How to Change Culture in Government?

By Melanie Coulson

Culture eats strategy for breakfast,’ Management Consultant Peter Drucker once said. How then to change culture in the public service to further an open government strategy?

Among the many points raised at the recent Canadian Open Dialogue Forum, this question and one main theme emerged:

The culture in government needs to change.

The audience, made up of public servants, politicians and open government practitioners, gathered at the Open Dialogue Forum to talk about citizen engagement and how to include the public in the policymaking process.

Attendees grappled with the question:

How does one go about changing culture in government?

Changing workplace culture isn’t easy. Change in a mammoth organization like the public service is intimidating, to be sure. (Note: The federal public service is Canada’s largest employer, with a staff of more than 500,000 people.)

Open Text Board Chair Tom Jenkins first brought up the requirement of a culture change during his keynote address. He pointed to the startups in Waterloo, Ontario and that entrepreneurs are keen to learn from failure.

“The secret of Waterloo is that there is a lack of fear of failure,” Jenkins said. “There is a celebration of experience and what you’re going to try next.”

He said that same eagerness to take chances needs to happen in the public service also.

“It’s important there is a vibrant, robust discussion about taking chances in the public service,” Jenkins said.

During the Senior Leaders’ panel, Google’s Colin McKay pointed out that assuming risk and failure is inherent in digital companies. He asked:

“Can government support public service employees in taking risks?”

Judy Foote, Minister of Public Services and Procurement, told the conference she is working hard to change the culture in her area of the public service. She noted that when she first went to work at her department, staff wouldn’t look her in the eye or say hello when she entered the building.

Foote is working to change the culture by connecting better with her staff. She invites members of the department up to her office on the 18th floor for coffee.

“The onus is on us to do this as leaders first, and then employees in government. Industry will follow,” Foote said.

“If my task is to modernize procurement, I need to be open to new ways of doing things,” she added.

Wayne Wouters, former Clerk of the Privy Council, applauded Foote’s efforts in openness.

One conference attendee said that culture change has to come from the top — ministers can set the tone in their departments.

Deb Matthews, Ontario’s Deputy Premier, highlighted the real difficulty government has in taking a ‘let’s just try this — it might fail’ approach. For her collaboration is key.

“We’re not allowed a failure on version 1.0 in government,” Matthews said. “We need third parties to help voice thoughts.”

Matthews pointed out that aversion to risk is driven by a political landscape that includes an opposition and media waiting to point out a government’s mistakes.

On Twitter, Matthews was praised for pointing out the real concerns that many in the public service feel:

Paul Born of the Tamarack Institute, spoke with Matthews about his Vibrant Communities initiative, said senior executives in government can say ‘go forth and talk to people,’ but they have to say it every day for everyone to believe it.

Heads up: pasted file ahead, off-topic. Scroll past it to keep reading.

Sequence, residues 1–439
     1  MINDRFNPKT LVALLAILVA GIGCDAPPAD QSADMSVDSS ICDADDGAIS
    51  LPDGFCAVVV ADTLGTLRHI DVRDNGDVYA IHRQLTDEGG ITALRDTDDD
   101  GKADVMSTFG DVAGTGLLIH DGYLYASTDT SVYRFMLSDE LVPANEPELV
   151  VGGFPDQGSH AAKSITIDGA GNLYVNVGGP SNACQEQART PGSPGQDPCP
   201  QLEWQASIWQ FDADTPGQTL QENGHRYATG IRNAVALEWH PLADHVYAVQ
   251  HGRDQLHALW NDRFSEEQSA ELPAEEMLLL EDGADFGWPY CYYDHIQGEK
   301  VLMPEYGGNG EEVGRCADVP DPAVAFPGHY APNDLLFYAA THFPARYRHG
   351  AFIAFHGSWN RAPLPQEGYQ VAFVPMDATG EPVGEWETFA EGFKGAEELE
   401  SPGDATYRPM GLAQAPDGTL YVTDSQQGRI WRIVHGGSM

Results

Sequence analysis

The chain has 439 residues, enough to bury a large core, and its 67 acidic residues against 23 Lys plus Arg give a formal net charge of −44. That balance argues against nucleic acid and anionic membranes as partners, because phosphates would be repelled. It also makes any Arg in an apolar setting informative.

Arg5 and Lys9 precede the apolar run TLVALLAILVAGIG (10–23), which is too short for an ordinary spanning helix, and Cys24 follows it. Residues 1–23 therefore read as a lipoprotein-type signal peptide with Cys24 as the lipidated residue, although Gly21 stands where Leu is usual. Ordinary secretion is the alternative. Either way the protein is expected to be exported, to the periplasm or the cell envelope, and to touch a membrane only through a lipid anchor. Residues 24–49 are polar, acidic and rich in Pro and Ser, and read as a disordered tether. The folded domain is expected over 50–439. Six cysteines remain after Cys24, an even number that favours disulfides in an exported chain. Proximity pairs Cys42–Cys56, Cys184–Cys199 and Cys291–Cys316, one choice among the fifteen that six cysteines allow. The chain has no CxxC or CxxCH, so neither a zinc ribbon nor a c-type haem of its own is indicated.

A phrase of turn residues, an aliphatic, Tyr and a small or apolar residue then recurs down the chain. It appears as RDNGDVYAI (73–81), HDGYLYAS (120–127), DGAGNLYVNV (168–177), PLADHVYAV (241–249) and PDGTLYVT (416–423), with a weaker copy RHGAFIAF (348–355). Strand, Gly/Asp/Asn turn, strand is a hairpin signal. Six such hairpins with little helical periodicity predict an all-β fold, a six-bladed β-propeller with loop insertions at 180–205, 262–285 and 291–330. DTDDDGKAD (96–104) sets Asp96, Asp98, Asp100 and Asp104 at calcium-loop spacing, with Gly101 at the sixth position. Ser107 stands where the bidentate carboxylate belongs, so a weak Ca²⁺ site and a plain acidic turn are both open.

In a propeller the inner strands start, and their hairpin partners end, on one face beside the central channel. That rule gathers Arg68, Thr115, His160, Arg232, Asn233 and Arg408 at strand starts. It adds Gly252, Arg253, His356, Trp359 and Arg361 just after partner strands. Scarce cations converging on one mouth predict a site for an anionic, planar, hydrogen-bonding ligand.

“We as citizens need to let civil servants know that it is okay to take intelligent risks. It is okay listen to the public as a partner,” Born said.

One suggestion for culture change came from Ailish Campbell, Associate Assistant Deputy Minister at Finance Canada. She suggested via Twitter that culture change will happen when a government changes the way it looks at the citizens.

Two days after the conference, Campbell continued this thought, tweeting:

“Open government shouldn’t be a ‘Yes, Minister’ episode.”

The question of how to change the culture in government was posed to Ontario Premier Kathleen Wynne, after her keynote address.

Wynne pledged that her government’s new Digital Action Plan will drive change across government, and put the focus on putting citizens first and finding new talent.

“We have to design digital services that put people first, we need to think about how we serve Ontarians,” Wynne said.

Treasury Board President Scott Brison spoke of the need for culture change to open government and make the public service a more attractive career option for Millennials.

“It will make government more appealing to them, and to have them help us open it.”

Wynne echoed Brison’s thoughts that bringing more millennials into the public service will help drive change in government.

Wynne noted it’s important not just to hire a younger public service, but keep that demographic in the province.

While government speakers called on industry to lead dialogue with government, Tom Jenkins, Board Chair for Open Text, said in his keynote address that change has to come from government.

“If the public sector doesn’t lead this for Canada, it won’t have an impact,” Jenkins said. “Leading open dialogue will set the bar for other organizations, NGOs, etc. Whoever leads change, it needs to happen soon.”

“If other countries go faster than us, they will be better than us.”


Melanie Coulson is the Director, Content & Engagement at Canada 2020.

Canada 2020 is Canada’s leading, independent, progressive think-tank working to redefine the role of the federal government for a modern Canada. Founded in 2006, Canada 2020 has spent a decade publishing original research, hosting events, and starting conversations about Canada’s future. Our goal is to build a community of progressive people and ideas that will move and shape governments.